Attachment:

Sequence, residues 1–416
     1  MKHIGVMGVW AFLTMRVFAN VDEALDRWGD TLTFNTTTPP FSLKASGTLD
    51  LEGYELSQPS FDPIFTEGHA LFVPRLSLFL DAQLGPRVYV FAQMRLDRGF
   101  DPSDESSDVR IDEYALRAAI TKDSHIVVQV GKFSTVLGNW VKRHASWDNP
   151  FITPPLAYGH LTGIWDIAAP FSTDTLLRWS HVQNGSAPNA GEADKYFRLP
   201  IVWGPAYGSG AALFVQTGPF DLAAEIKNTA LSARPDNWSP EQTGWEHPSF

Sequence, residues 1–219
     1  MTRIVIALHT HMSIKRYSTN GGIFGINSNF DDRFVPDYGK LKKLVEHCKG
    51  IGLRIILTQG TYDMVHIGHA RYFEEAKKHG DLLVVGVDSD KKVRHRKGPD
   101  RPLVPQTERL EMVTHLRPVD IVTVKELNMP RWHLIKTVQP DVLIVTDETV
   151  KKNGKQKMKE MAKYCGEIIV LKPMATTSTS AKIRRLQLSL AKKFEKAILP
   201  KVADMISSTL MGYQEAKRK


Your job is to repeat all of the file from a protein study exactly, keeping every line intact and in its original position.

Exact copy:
Sequence, residues 1–416
     1  MKHIGVMGVW AFLTMRVFAN VDEALDRWGD TLTFNTTTPP FSLKASGTLD
    51  LEGYELSQPS FDPIFTEGHA LFVPRLSLFL DAQLGPRVYV FAQMRLDRGF
   101  DPSDESSDVR IDEYALRAAI TKDSHIVVQV GKFSTVLGNW VKRHASWDNP
   151  FITPPLAYGH LTGIWDIAAP FSTDTLLRWS HVQNGSAPNA GEADKYFRLP
   201  IVWGPAYGSG AALFVQTGPF DLAAEIKNTA LSARPDNWSP EQTGWEHPSF

Sequence, residues 1–219
     1  MTRIVIALHT HMSIKRYSTN GGIFGINSNF DDRFVPDYGK LKKLVEHCKG
    51  IGLRIILTQG TYDMVHIGHA RYFEEAKKHG DLLVVGVDSD KKVRHRKGPD
   101  RPLVPQTERL EMVTHLRPVD IVTVKELNMP RWHLIKTVQP DVLIVTDETV
   151  KKNGKQKMKE MAKYCGEIIV LKPMATTSTS AKIRRLQLSL AKKFEKAILP
   201  KVADMISSTL MGYQEAKRK